The Yomiuri Shimbun December 23, 2013
As Emperor turns 80, it’s time to consider trimming his duties
The Emperor has marked his 80th birthday.
On this occasion, we express our heartfelt congratulations to the Emperor for reaching this milestone while being hale and hearty.
In February last year, the Emperor underwent coronary artery bypass surgery. His recovery has gone as scheduled. The Emperor currently performs official duties at the same pace as he did before the operation.
The day before his 80th birthday on Monday, the Emperor said at a news conference in the Imperial Palace, “While coming to terms with certain constraints due to my advancing age, I would like to continue playing my role as much as possible.”
Referring to his official duties, he said, “I wish to maintain my current pace, at least for a while.” This suggests he is rather negative about any move to reduce his official duties on health grounds.
This is presumably because the Emperor, with his best wishes for the happiness of the people, still feels a strong sense of responsibility to continue moving forward with the populace.
Accompanied by the Empress, the Emperor visited such places this year as areas devastated by the Great East Japan Earthquake of March 11, 2011, and Minamata, the city in Kumamoto Prefecture that has become known for the mercury-poisoning disease with the same name. The Imperial couple also followed a tight schedule on their recent official visit to India.
Many people want the Emperor to be able to continue to engage in his official duties in good health. For this very reason, however, we believe the burden placed on the Emperor should not be excessive.
The Imperial Household Agency should examine how to reduce the load shouldered by the Emperor, perhaps by handing some of his duties to Imperial family members including Crown Prince Naruhito and his younger brother, Prince Akishino.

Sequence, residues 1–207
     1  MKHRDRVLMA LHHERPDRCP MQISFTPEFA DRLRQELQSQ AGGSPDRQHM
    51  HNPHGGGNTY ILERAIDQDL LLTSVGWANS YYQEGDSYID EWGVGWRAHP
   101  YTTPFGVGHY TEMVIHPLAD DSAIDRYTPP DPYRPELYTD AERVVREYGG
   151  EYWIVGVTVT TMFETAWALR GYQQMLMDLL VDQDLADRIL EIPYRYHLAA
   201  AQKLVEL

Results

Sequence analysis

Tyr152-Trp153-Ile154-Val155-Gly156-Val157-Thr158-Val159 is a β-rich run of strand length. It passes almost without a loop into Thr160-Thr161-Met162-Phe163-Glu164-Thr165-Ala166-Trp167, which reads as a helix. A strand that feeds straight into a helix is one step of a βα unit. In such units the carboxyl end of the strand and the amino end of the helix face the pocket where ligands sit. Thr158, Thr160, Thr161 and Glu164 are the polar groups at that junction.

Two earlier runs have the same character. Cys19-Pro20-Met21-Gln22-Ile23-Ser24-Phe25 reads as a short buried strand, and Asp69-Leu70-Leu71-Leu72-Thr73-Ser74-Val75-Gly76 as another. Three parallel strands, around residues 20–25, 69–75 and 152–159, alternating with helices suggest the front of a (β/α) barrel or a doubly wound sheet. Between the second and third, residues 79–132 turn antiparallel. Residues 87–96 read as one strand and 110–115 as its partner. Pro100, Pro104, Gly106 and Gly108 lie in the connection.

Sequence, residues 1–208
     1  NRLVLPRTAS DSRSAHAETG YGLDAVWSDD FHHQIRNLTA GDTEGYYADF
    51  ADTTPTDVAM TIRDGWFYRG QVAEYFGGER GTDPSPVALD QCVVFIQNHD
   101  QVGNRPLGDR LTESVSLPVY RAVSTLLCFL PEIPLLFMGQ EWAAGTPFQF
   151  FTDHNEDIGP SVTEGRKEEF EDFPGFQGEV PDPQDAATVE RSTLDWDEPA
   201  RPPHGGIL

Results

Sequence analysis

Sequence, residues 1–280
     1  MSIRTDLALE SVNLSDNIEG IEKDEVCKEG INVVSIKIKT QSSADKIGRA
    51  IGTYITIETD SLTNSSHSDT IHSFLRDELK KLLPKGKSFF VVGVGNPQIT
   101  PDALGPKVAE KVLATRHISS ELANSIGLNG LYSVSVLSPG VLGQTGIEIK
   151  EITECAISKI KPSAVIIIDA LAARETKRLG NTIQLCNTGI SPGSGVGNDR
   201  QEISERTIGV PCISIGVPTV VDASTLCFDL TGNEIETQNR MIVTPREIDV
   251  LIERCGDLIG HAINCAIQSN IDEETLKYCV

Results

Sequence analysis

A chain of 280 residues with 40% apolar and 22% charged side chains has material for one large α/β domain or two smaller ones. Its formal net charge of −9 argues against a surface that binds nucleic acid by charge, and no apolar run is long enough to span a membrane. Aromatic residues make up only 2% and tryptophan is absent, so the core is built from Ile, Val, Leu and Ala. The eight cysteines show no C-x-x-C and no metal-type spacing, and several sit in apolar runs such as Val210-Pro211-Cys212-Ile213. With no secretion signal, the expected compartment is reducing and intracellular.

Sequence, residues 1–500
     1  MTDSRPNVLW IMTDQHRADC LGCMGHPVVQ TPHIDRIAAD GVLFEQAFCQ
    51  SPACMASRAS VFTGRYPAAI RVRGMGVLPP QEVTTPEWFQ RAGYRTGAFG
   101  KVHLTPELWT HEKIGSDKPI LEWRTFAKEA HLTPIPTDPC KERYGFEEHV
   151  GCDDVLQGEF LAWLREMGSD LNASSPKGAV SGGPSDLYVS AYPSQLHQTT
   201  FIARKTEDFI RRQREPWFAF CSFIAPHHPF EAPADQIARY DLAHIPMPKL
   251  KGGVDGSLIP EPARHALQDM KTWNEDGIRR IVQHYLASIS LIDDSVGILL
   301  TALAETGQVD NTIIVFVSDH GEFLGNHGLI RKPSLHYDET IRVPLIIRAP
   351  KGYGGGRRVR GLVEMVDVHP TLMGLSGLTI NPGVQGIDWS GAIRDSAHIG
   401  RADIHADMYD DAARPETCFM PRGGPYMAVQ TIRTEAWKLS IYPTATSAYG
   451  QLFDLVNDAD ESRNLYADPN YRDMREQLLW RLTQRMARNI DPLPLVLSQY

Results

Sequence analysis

Adhering to Constitution
The Emperor’s stance of always giving consideration to the people is also represented by his views on his funeral and mausoleum.
In November, the Imperial Household Agency announced that the Emperor plans to be cremated, rather than be buried as has been tradition for emperors since the Edo period, and scale down his mausoleum compared to those of the Emperor’s predecessors.
These plans fit snugly with the wishes of the Emperor and Empress not to impose an onerous burden on the people in regard to the construction of their mausoleums and their funerals. These decisions can be said to reflect the desire of the Emperor, who has been committed to ensuring the Imperial family can meet the changes of the times while keeping the essence of royal tradition intact.
During the news conference, a question was asked about the relationship between the Imperial family and politics.
Some media outlets were outraged that Princess Hisako of Takamado attended the general session of the International Olympic Committee in September that chose Tokyo as host city of the 2020 Olympics and Paralympic Games.
In reply to the question, the Emperor said when he faces a thorny question, “I have made it a rule to seek the opinions of the Imperial Household Agency director general and the agency’s councillors.”
This statement was intended to emphasize afresh his position of adhering closely to Article 4 of the Constitution, which stipulates the Emperor “shall not have powers related to government.”
At the IOC session, Princess Hisako only expressed Japan’s gratitude for such things as support extended from many nations after the Great East Japan Earthquake. She refrained from making any direct reference to Tokyo’s Games bid. Some media said her speech amounted to “using the Imperial family for political purposes.” It was nothing of the sort.
This issue must not be allowed to bother the Emperor any further.
(From The Yomiuri Shimbun, Dec. 23, 2013)